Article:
Calling a special Board meeting to discuss values is rarely a high priority when financial crises, strategies to cope with changes in the environment, or the need to adjust project priorities demand attention. Nonprofits and charities may feel they cannot afford staff or volunteer time to chew over what they already know intuitively. But an explicit values statement is a powerful governance tool. Part 1 of this two-part series provides insight into the benefits of appropriate values statements and developing the most representative list for your organization. Part 2 will supply further examples and review how Boards can use the final product to keep an organization on track.
“Integrity, commitment, caring, respect”
Is this a values statement with the power to guide an organization’s decision-making? Or is it an inventory of desirable traits that could serve any non-profit agency?
Many values statements are generic lists like the one above. The organizations that use them are missing a fundamental opportunity to provide strategic guidance to those who act on their behalf.
A values statement is a set of beliefs and principles that guide an organization’s decision-making. It answers the question, “How do we carry out our mission?”
There are five key reasons to invest in a good values statement:
- It provides direction to staff on the execution of the organization’s strategic plan.
- It serves as a guideline for everyday decision-making.
- It gives your organization a stable and unchanging core that will make necessary changes to structure, policies, practices, and strategies less threatening and disruptive.
- It is fundamental to developing an appropriate and compelling vision.
- It gives you and potential new staff, volunteers or Board members insight into whether they are a good fit with the organization.
The good news is that a meaningful values statement will last for a long time. Deeply held values do not change with trends, and do not need to be rehashed at annual strategy sessions. With an appropriate statement in hand, Boards can use their time to focus on aligning organizational activities with their values.
It’s a challenge to distinguish between the values your organization lives, breathes and reflects in all its activities, and the ones you think you should have. Charities usually have less difficulty with this exercise than other nonprofits and private industry, but the challenge then becomes choosing the most representative values for the organization and not a laundry list.
The most successful processes usually involve focus groups drawn from all levels in an organization. Depending on the size of an organization, multiple focus groups may be helpful. Participants brainstorm to develop a list of core values and prioritize them to a list of five or six key values.
Brainstorming and Filtering Tips
- Asking what is most important to the organization in the way it treats its stakeholders (ourselves, our clients, our funders, our community, etc) will generate thoughtful results.
- A good probing question is “What was a critical incident for our group in the last six months, and how did it demonstrate our values?”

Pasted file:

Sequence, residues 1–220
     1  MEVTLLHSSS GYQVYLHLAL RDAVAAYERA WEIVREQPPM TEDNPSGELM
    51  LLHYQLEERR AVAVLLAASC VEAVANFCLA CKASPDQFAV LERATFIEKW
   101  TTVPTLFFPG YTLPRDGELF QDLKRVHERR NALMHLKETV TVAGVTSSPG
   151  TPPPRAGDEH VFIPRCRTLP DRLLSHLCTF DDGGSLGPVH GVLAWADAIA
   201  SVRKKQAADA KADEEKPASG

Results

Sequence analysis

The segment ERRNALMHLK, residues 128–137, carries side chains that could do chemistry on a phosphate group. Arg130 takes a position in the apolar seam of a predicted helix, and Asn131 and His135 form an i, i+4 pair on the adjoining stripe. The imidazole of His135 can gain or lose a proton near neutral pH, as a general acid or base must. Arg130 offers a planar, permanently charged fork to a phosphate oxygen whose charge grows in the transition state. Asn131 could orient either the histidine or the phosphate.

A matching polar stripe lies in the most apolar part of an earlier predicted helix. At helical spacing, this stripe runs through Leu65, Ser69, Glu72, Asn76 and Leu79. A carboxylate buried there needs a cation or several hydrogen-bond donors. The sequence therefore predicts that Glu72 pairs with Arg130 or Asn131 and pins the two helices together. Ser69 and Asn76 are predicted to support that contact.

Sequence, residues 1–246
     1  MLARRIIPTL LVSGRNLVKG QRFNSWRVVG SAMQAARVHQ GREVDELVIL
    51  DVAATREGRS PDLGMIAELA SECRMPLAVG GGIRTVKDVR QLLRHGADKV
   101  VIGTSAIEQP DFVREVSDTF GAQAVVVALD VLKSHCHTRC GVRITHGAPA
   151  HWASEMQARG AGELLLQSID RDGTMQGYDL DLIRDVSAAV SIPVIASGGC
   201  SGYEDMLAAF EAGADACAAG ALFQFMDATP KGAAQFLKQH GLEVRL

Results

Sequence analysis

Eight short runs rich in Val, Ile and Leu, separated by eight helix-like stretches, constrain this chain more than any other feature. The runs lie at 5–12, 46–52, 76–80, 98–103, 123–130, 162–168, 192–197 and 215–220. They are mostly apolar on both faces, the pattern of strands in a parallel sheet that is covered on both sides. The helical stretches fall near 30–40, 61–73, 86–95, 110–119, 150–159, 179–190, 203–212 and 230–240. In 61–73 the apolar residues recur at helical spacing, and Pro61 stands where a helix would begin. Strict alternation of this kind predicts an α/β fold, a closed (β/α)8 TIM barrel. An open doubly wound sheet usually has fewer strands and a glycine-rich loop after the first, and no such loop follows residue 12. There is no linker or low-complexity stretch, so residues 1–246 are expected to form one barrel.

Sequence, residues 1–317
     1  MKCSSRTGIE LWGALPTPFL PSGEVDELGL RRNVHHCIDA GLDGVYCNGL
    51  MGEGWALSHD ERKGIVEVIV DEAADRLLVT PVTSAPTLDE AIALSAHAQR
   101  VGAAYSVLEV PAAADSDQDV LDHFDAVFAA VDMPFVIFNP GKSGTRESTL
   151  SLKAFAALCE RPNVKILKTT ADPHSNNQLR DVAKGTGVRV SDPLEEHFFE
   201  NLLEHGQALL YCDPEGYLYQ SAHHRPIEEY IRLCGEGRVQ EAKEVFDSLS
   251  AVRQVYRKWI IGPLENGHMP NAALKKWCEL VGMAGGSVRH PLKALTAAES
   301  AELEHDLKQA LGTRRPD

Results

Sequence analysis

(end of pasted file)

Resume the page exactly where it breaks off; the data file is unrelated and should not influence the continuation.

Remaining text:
- Looking at examples from other organizations, and discussing about what works and doesn’t work will also enhance the selection process.
- Remember to identify today’s core values, and not the ones you wish you had. The values the organization would hold in an ideal future belong in the vision statement.
With a draft list in hand, author and management guru Jim Collins suggests the following questions are a good test for screening which core values truly reflect your organization:
- Would you want your organization to continue to stand for this value 100 years into the future, no matter what changes occur in the outside world?
- If you were to start a new organization, would you build it around this core value regardless of the industry?
- Would you want your organization to hold this core value, even if at some point it became a competitive disadvantage – even if in some circumstance the environment penalized your organizations for living this core value?
- Do you believe that those who breach this value consistently simply do not belong in your organization?
- Would you change jobs before giving up this core value?
- Would you personally hold this core value even if you were not rewarded for holding it?
- If you won the lottery and could retire tomorrow, would you continue to apply this value to your productive activities?
Those values that attain near-unanimity among respondents are the ones that make the final cut. The wording of the draft statement is then validated with senior leadership.
Part 2 of this series will provide example of how organizations enhance their conventional values statements with longer form statements of beliefs and principles that help answer the question, “How do we carry out our mission?” It will also look at the Board’s critical role in ensuring that the values are truly lived, and are reflected in policies and practices.
 This exercise is from www.jimcollins.com. James Collins and Jerry Porras are the authors of Built to Last, Harper Business, (New York: 1994), an excellent book for groups considering mission, vision and values.